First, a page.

Not that long ago the video store was a mundane and sometimes obnoxious part of life; driving over to some lonesome strip mall with your friends or family to comb through the all-too-often disorganized shelves of your local shop, argue over a selection, and then be stuck with it, for good or ill. Yet, it was also sublime. And for those who lived during the true video boom, video stores also equate to another bygone commodity: VHS. When JVC’s Video Home System won the early-80’s format war, the motion picture market changed forever. The genre and B-movies that had previously filled drive-ins across the country now often went straight to VHS. Then DVD took the world by storm in the late-90’s. It was a brave new world, and sadly, many films never made the leap, trapped now on a dead format. These often aren’t “good” films, but goddammit, they were what made video stores great. For we here at CHUD are the kind of people who tended to skip over the main stream titles, our eyes settling on some bizarre, tantalizing cover for a film we’d never even heard of, entranced. These films are what VHS was all about. Some people are still keeping the VHS flame burning. People like me, whose Facebook page Collecting VHS is a showcase for the lost charms of VHS box artwork. With this column it is my intention to highlight these “lost” films and the only rule I have for myself is that they cannot be available on DVD.
Title: Wheels of Terror
Genre: Murderous Machines
Tagline: Evil waits. With the motor running.
Released by: Paramount Home Video
Director: Christopher Cain
Plot: A school bus driver and her twelve-year-old daughter move to a small town in Arizona only to be terrorized by a faceless stranger driving a scary-looking black muscle car who kidnaps and murders little girls. When her own child is abducted by the evil sedan, she goes on a high speed, mountainside chase to reclaim her kid and put a stop to the pedophile hot-rodder’s sinister deeds.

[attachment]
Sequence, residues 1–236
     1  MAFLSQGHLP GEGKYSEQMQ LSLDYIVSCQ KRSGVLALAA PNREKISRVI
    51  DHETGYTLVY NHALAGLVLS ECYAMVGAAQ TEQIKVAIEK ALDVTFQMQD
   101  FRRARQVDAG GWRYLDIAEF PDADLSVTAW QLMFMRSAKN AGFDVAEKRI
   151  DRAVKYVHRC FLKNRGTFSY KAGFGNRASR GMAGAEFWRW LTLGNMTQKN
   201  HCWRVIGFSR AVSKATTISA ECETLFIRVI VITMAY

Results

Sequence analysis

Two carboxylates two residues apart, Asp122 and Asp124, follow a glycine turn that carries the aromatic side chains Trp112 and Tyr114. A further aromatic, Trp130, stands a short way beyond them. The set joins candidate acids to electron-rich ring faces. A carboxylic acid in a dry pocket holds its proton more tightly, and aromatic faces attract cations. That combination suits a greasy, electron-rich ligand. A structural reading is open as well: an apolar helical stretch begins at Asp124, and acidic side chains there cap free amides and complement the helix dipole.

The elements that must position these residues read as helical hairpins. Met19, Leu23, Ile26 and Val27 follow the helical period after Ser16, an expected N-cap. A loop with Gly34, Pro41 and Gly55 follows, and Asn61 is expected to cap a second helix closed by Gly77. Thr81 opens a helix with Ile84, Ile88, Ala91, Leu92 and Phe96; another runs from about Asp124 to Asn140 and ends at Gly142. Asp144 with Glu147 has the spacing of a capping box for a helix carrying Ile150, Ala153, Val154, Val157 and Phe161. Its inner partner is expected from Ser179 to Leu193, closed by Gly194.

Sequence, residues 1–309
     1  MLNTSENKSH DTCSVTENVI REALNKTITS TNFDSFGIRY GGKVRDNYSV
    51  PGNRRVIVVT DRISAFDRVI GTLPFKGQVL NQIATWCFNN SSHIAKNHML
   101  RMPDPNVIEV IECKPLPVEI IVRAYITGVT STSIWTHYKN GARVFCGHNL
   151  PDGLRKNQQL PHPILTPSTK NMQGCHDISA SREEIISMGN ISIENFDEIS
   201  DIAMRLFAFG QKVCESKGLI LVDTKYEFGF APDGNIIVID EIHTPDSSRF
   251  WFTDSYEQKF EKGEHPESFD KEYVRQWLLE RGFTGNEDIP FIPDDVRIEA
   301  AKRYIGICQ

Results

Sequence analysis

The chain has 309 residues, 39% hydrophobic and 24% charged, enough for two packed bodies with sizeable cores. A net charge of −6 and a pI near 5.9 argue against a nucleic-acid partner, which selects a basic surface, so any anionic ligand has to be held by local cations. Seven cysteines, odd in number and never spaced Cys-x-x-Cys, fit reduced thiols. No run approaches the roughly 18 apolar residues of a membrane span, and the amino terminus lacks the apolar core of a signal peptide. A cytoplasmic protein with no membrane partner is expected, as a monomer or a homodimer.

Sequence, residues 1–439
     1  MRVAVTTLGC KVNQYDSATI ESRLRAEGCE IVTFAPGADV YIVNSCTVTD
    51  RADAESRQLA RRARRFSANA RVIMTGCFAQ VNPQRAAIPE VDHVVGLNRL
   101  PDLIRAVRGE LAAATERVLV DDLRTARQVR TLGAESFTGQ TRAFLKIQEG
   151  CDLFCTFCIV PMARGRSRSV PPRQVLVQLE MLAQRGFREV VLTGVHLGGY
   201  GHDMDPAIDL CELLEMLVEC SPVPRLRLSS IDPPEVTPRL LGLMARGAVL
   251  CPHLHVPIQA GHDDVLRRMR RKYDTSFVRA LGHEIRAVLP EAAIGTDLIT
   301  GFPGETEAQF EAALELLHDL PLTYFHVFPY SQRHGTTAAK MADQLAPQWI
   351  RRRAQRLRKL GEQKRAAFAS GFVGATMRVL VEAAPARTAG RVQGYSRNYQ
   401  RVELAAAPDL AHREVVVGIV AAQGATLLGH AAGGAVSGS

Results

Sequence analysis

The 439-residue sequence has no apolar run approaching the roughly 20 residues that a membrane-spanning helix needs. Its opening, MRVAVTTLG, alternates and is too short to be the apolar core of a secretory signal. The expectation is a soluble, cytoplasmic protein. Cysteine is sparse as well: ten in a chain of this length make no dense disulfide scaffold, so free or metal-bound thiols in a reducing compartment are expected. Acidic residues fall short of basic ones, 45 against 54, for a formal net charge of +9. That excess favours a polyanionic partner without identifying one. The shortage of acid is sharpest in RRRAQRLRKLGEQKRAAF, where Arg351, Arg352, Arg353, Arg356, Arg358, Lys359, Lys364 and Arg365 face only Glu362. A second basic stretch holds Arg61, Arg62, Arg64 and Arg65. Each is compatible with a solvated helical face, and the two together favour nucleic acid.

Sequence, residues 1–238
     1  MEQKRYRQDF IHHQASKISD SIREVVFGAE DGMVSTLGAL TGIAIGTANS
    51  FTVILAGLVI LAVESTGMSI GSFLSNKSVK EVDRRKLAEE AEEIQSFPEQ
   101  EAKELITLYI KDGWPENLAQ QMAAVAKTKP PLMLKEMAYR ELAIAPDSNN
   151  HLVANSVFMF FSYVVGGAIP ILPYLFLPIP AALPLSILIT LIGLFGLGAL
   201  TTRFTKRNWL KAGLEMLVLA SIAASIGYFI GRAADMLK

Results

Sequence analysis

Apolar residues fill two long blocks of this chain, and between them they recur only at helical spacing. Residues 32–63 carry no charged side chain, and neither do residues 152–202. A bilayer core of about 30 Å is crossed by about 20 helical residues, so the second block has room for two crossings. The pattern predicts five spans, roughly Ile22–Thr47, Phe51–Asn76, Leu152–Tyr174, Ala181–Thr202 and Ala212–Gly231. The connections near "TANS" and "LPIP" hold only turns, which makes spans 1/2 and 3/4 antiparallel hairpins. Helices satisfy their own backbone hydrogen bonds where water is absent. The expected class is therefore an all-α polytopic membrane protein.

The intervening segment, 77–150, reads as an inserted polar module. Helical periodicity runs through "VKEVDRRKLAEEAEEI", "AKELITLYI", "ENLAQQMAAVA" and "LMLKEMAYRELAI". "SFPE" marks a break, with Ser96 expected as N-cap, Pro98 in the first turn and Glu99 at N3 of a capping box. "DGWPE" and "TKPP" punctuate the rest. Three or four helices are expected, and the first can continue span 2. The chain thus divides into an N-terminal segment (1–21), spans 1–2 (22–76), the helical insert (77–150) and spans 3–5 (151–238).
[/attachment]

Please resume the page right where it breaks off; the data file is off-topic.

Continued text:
Thoughts: Being a big fan of the “killer car” genre I really thought I had seen them all, but this made-for-cable horror-thriller somehow avoided my radar gun for over two decades now until I recently found a copy in a used video bin and fell hard for its badass cover artwork. Watching it recently for the first time ever, without any previous knowledge of its existence, I must say I was pretty impressed by the film. It plays like a fusion of the incredible Jaws rip-off The Car mixed with Quentin Tarantino’s Death Proof and topped off with a splash of Spielberg’s own made-for-television classic Duel.
The suspenseful story mixes it up by featuring an evil 1974 Dodge Charger (similar to the one Stunt Man Mike drove) that cruises the back roads of a tiny southwestern town looking for children to kidnap, abuse and murder. The killer is never seen except for an opening door and the brief glimpse of an arm, which is a very effective way of making the machine itself become an automotive representation of all child molesters. It helps that the car is an intimidating-looking Mopar that couldn’t have been cast more perfectly for the part. I just wish that the headlights glowed the same shade of green in the movie that they do on the box art, but alas it never happens.
Joanna Cassidy (Blade Runner, Who Framed Roger Rabbit) stars as the single mom who escapes the hustle and bustle of Los Angeles with her young daughter for a quieter life in scenic Copper Valley, Arizona. Luckily her new job provides a school bus that’s equipped with a racing engine, which comes in very handy when her own child is grabbed by the creepy car. She heads out for an exciting chase sequence where the lives of a few of the kids she’s responsible for are endangered, because they’re already trapped in the vehicle when the pursuit begins. There’s some pretty incredible stunt driving as well and the finale is edge-of-your-seat entertaining.
I enjoyed the hell out of this movie and recommend you analog-hunters track it down. It’s a very serious, disturbing subject at the center of a really well crafted horror/action/thriller made in the style of the films I mentioned earlier, as well as the original The Hitcher. Alan B. McElroy, the scribe responsible for the awesome backwoods-slasher Wrong Turn and the ridiculously underrated Halloween 4: The Return of Michael Myers wrote it. He does a really nice job of taking a weathered sub-genre and adding some real world grime to the material, making it a very unique little hybrid. Makes me wonder if old QT might have caught this on the idiot box late one night back in the nineties.